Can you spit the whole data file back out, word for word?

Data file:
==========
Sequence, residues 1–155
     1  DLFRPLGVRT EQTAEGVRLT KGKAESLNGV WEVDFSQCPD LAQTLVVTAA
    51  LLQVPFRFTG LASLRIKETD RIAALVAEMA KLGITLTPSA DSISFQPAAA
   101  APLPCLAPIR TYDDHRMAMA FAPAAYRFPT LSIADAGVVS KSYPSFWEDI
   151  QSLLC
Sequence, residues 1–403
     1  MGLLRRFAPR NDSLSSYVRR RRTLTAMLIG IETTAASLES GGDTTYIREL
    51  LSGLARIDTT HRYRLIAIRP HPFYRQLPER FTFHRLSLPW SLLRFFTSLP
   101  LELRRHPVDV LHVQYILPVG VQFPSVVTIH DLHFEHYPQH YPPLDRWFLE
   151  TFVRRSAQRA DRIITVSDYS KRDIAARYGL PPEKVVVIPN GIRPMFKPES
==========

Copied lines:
Sequence, residues 1–155
     1  DLFRPLGVRT EQTAEGVRLT KGKAESLNGV WEVDFSQCPD LAQTLVVTAA
    51  LLQVPFRFTG LASLRIKETD RIAALVAEMA KLGITLTPSA DSISFQPAAA
   101  APLPCLAPIR TYDDHRMAMA FAPAAYRFPT LSIADAGVVS KSYPSFWEDI
   151  QSLLC
Sequence, residues 1–403
     1  MGLLRRFAPR NDSLSSYVRR RRTLTAMLIG IETTAASLES GGDTTYIREL
    51  LSGLARIDTT HRYRLIAIRP HPFYRQLPER FTFHRLSLPW SLLRFFTSLP
   101  LELRRHPVDV LHVQYILPVG VQFPSVVTIH DLHFEHYPQH YPPLDRWFLE
   151  TFVRRSAQRA DRIITVSDYS KRDIAARYGL PPEKVVVIPN GIRPMFKPES